Based on schema logic, and at first blush, I think your second assertion 
is correct. A schema specifies what specific elements must contain, but 
not which elements must contain THEM. In other words, the schema 
validator looks down the tree, but not up or across the tree.

As a quick and dirty test, I created the following schema in oXygen:

<?xml version="1.0" encoding="UTF-8"?>
<xs:schema xmlns:xs="">
<xs:element name="root">
            <xs:element ref="child" minOccurs="1"/>
            <xs:element ref="child2" minOccurs="1"/>
<xs:element name="child"/>
<xs:element name="child2"/>

Then, I created the following instance document:

<?xml version="1.0" encoding="UTF-8"?>
<child xmlns:xsi=""

Though the "root" element of my instance document (<child>) is defined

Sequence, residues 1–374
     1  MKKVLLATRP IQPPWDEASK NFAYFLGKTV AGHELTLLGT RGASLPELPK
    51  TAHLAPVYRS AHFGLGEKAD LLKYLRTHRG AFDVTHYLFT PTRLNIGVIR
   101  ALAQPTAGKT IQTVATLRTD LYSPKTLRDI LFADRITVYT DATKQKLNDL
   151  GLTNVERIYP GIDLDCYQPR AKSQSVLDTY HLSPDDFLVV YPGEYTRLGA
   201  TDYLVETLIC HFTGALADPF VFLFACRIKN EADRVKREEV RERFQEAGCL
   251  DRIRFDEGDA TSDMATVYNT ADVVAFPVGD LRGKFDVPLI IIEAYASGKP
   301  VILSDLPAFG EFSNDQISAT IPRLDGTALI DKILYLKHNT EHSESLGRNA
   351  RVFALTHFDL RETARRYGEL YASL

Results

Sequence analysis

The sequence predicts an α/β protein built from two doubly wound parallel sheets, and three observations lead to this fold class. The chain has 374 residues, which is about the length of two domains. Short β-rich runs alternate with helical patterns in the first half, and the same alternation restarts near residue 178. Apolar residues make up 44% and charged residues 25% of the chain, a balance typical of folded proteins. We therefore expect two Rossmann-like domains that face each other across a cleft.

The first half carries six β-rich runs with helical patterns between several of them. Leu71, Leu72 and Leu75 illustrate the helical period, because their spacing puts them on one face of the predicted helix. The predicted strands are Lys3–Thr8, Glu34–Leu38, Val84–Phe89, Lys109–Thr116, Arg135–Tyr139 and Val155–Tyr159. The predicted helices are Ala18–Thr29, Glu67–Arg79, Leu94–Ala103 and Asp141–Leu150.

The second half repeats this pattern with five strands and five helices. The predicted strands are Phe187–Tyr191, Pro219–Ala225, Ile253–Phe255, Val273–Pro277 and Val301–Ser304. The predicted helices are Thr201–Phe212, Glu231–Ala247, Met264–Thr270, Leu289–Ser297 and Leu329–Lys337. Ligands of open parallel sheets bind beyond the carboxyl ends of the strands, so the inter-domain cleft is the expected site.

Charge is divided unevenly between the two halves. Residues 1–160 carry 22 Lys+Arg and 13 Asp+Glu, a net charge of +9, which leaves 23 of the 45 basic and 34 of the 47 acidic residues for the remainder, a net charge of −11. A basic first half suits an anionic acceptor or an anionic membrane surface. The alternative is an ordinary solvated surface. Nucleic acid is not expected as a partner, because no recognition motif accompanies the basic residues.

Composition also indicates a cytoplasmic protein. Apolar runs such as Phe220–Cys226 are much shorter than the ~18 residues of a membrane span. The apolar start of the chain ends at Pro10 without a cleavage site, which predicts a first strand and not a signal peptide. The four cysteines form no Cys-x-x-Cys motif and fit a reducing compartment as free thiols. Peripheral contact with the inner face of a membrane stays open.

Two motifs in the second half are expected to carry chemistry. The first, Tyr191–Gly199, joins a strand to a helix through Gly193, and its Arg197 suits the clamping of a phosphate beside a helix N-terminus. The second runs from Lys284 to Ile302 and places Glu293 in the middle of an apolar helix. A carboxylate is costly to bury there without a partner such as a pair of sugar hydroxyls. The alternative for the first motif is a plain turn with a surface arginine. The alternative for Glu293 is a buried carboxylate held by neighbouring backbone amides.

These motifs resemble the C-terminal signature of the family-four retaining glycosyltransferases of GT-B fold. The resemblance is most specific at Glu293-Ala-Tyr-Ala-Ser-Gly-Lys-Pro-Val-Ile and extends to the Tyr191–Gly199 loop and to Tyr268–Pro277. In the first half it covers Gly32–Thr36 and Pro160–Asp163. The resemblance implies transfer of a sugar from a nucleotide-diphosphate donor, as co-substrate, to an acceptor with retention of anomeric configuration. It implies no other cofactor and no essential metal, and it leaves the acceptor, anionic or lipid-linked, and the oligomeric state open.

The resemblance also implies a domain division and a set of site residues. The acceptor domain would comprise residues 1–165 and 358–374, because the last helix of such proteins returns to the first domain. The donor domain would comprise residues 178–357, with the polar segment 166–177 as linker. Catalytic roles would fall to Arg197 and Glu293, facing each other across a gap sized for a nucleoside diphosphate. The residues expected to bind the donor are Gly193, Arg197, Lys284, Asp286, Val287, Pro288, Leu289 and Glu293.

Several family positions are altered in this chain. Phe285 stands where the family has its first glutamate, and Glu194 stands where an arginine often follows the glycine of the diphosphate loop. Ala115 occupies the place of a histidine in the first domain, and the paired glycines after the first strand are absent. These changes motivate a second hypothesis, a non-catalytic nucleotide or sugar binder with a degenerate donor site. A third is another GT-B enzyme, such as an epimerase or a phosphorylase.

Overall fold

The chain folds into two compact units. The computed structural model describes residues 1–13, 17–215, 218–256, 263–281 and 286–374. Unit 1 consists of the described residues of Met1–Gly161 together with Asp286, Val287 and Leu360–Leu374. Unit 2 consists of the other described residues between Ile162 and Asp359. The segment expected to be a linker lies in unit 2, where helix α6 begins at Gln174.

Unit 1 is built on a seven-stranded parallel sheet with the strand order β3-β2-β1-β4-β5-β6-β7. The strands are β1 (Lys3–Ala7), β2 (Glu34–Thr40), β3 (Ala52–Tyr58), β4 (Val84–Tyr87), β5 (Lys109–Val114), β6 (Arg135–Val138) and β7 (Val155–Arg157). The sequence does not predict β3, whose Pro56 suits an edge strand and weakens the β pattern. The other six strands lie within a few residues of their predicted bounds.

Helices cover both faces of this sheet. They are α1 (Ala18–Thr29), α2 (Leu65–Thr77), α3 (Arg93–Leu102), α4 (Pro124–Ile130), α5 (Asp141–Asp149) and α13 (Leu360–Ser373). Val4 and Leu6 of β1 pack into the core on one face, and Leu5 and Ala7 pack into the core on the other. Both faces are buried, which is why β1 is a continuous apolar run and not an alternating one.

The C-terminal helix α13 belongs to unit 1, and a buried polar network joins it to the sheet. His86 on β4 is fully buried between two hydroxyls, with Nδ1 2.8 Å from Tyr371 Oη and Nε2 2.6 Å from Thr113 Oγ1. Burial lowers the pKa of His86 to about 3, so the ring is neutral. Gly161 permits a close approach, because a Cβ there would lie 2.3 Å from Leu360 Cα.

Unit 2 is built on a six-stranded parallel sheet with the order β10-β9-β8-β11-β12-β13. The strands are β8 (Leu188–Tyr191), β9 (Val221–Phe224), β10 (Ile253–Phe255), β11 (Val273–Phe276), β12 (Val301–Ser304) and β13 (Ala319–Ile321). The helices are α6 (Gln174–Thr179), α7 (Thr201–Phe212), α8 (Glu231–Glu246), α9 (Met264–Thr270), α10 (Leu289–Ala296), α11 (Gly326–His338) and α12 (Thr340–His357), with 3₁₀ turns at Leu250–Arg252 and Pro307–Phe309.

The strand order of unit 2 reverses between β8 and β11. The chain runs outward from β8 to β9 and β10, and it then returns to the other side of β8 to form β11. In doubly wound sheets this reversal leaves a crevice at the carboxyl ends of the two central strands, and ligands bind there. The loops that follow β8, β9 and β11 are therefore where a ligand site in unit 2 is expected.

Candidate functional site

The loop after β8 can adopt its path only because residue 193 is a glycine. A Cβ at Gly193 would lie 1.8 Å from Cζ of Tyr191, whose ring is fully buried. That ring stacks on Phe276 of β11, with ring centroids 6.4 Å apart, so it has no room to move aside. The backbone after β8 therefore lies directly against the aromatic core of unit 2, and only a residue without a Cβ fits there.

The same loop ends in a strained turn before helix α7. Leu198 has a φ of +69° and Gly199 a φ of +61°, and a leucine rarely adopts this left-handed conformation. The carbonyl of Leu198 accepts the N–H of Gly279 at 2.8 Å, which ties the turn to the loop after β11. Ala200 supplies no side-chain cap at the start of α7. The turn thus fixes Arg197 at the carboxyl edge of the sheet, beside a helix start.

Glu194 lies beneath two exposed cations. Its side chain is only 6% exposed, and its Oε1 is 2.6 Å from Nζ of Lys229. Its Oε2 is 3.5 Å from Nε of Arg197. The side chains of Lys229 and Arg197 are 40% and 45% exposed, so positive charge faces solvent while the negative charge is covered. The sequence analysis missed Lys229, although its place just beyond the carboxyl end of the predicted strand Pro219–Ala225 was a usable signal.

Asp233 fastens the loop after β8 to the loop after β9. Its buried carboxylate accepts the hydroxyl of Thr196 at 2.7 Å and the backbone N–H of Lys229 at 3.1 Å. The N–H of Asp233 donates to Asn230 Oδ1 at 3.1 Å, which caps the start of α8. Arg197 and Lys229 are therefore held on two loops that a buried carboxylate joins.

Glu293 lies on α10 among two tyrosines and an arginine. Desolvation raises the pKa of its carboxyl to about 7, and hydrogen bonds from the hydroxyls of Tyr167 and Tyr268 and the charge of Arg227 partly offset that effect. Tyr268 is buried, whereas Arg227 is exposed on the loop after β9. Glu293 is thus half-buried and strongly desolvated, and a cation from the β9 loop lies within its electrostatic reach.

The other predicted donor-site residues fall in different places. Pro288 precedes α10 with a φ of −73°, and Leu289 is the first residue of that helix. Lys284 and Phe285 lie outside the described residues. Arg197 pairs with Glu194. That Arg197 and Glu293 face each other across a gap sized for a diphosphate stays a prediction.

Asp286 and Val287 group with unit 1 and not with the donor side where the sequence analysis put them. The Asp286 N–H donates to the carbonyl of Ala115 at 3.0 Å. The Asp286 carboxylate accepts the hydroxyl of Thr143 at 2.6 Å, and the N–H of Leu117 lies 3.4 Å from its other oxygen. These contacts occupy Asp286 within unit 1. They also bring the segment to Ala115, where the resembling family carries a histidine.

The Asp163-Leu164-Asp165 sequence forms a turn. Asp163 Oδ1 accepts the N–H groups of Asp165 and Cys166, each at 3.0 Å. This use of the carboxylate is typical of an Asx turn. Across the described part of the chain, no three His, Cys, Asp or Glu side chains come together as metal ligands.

as a required child element of <root>, there are no "down-tree" 
requirements for <child>. Thus, the document is valid with only <child>.

Bear in mind that this experiment was based on only the simplest of 
examples. Is there something I'm missing? I look forward to other 

Hope this has helped,

Jonathan Rochkind wrote:
> Anyone familiar with XML schemas (.xsd)?
> Can you help me figure something out. Is there something in the schema 
> that specifies what elements can serve as the 'root node'... or is any 
> element described in the schema avaialable for use as a 'root node', 
> and it'll still validate?
> Thanks for any tips.
> Jonathan

Casey A. Mullin
Discovery Metadata Librarian
Metadata Development Unit
Stanford University Libraries
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